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CEOs Say Texas Best for Business, Calif. Worst




Company heads continue to look favorably toward Texas - and away from California - for economic growth.


An annual survey of American CEOs ranking the best and worst business environments state-by-state showed no surprises and few changes in 2012 - Texas grabbed the top spot and California remained dead last, both for the eighth consecutive year.

More than 600 CEOs graded each of the 50 states for Chief Executive magazine in several categories, including taxes, regulations, workforce quality and living environment. Texas kept its position at the top of the heap with stable, business-friendly policies, including no individual or corporate income tax, a lack of burdensome regulation and a motivated workforce, the latter ranking second in the nation after Utah.

The number of jobs in Texas grew by 328,000 from the official end of the recession in June 2009 to July 2011, comprising 47 percent of the 697,000 jobs created nationwide during that period. The Lone Star State's growth has not been enough to bolster the national unemployment numbers, however, though Texas' 7 percent unemployment in March ranks 20th nationally and below the 8.1 national average.

Florida moved from third to second place over North Carolina this year, due to recent tax and regulatory reforms that incentivized the private sector and cut state unemployment by more than two percentage points. The most notable mover in the middle of the pack has been Louisiana, surging to 13th place from 27th in 2011 and 45th in 2008. The state has turned its fortunes around since Hurricane Katrina with sweeping ethics and regulatory reforms, aggressive workforce training and economic incentives that lure disenchanted businesses from California and the Northeast.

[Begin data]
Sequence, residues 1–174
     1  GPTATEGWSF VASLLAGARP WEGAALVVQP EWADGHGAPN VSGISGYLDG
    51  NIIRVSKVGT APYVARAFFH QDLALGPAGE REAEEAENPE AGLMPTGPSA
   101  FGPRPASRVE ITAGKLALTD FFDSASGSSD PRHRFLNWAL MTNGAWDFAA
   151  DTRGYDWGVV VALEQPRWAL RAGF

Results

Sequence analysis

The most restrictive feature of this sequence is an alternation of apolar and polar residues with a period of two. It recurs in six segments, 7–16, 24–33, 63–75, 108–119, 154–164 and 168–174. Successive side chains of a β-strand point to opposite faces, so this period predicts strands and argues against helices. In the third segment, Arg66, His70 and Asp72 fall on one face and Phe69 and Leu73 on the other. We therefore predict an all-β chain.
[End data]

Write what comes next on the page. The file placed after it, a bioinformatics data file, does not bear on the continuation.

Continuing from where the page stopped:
Speaking of California, the state with the worst ranked business climate in the Union also holds the 3rd highest unemployment rate, its 11 percent only better than Rhode Island and Nevada. Businesses continue to flee the Golden State, with a reported 254 companies moving partially or completely elsewhere in 2011, 26 percent more than the year previous, according to Spectrum Locations Consultants.

Demographics tell the same story - New York and California lost over 1.6 million and 1.5 million in net migration, respectively, from 2001 to 2009. California is also home to one-third of the nation's welfare recipients, despite having only one-eighth of the nation's population, a disparity that could ultimately tarnish any silver lining left on the state's already-dark economic horizon.

Michigan, Massachusetts, Illinois and New York round out the 46 through 49 spots respectively, nearly unchanged from 2011. (Massachusetts traded positions with New Jersey, the latter ranked 45th this year due to recent moves toward reform. The other states were unmoved.) Deficit spending, high taxation and government regulations that impede and deter entrepreneurship and growth are common among low-ranking states.

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June 27, 2019, 2:08 am PDT

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